A few days ago the inspector general for the intelligence community notified Congress of a whistleblower complaint that was both credible and a matter of “urgent concern.” Rep. Adam Schiff, the Chairman of the House Permanent Select Committee on Intelligence, naturally asked the Director of National Intelligence to provide a copy of the complaint, as required by law. The DNI told him to pound sand. Now Schiff is pissed off:
As Acting Director of National Intelligence, you have neither the legal authority nor the discretion to overrule a determination by the IC IG. Moreover, you do not possess the authority to withhold from the Committee a whistleblower disclosure from within the Intelligence Community that is intended for Congress.
….Your office, moreover, has refused to affirm or deny that officials or lawyers at the White House have been involved in your decision to withhold the complaint from the Committee….The Committee can only conclude, based on this remarkable confluence of factors, that the serious misconduct at issue involves the President of the United States and/or other senior White House or Administration officials. This raises grave concerns that your office, together with the Department of Justice and possibly the White House, are engaged in an unlawful effort to protect the President and conceal from the Committee information related to his possible “serious or flagrant” misconduct, abuse of power, or violation of law.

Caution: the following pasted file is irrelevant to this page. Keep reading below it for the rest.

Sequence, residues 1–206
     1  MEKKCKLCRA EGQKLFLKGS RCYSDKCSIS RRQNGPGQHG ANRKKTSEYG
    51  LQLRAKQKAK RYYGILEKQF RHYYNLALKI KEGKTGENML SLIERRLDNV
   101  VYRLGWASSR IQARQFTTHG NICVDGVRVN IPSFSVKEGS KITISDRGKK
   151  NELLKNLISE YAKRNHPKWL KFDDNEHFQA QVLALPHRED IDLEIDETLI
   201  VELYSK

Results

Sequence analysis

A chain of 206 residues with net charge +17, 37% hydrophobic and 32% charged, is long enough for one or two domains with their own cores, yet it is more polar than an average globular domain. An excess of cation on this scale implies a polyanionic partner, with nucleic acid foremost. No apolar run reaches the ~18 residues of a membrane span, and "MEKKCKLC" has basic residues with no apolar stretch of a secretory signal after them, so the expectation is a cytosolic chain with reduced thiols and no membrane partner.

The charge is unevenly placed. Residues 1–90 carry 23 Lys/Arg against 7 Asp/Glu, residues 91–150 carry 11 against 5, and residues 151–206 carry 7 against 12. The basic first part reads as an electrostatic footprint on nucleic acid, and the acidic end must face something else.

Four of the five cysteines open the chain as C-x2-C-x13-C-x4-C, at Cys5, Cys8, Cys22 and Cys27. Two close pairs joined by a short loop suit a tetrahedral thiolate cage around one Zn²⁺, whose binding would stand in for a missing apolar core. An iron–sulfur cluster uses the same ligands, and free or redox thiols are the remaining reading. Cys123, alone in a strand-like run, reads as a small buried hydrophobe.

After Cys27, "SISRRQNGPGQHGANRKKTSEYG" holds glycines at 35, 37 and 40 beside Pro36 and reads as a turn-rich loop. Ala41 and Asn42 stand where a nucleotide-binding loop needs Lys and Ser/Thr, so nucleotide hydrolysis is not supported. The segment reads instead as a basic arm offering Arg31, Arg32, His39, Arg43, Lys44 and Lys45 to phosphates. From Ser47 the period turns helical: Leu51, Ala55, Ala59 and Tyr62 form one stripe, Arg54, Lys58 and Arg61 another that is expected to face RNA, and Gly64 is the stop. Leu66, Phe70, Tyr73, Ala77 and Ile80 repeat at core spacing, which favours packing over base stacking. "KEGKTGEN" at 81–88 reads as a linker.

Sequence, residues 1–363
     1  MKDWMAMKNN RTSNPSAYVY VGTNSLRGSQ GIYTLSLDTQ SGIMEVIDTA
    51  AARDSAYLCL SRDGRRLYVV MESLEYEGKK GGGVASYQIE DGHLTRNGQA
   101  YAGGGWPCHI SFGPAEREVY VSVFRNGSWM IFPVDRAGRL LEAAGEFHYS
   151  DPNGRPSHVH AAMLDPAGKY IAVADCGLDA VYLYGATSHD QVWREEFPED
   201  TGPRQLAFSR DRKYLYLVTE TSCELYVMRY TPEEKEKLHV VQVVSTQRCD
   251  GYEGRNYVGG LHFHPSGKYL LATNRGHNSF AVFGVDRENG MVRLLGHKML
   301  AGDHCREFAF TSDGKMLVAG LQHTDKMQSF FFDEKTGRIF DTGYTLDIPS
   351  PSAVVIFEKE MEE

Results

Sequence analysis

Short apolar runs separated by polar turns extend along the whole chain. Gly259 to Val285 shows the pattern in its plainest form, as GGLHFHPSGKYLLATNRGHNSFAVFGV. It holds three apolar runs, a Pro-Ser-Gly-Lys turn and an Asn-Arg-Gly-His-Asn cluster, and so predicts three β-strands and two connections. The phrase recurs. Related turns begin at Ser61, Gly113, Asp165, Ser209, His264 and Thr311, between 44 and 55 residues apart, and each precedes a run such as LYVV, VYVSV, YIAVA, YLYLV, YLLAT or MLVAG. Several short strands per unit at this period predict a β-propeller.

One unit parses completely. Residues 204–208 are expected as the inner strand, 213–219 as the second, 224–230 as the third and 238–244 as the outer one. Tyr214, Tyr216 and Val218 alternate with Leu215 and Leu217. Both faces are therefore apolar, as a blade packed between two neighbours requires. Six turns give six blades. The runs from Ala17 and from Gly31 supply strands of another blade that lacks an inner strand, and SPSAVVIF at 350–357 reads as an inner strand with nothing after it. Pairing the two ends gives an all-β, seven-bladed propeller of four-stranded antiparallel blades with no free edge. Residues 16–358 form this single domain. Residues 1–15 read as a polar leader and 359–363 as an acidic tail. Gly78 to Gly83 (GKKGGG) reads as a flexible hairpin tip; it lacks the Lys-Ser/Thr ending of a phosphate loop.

Accordingly, due to the urgency of the matter and the unlawful decision by your office to withhold from the Committee an Intelligence Community individual’s credible “urgent concern” whistleblower disclosure, the Committee hereby issues the attached subpoena compelling you to transmit immediately to the Committee the disclosure, in complete and unaltered form, as well as to produce other related materials.
The acting DNI, unsurprisingly, is claiming that the whistleblower complaint contains confidential and privileged information, which means he’s not required to turn it over. This has become the Trump administration’s go-to move, despite the fact that, almost by definition, everything the intelligence community deals with is confidential and privileged.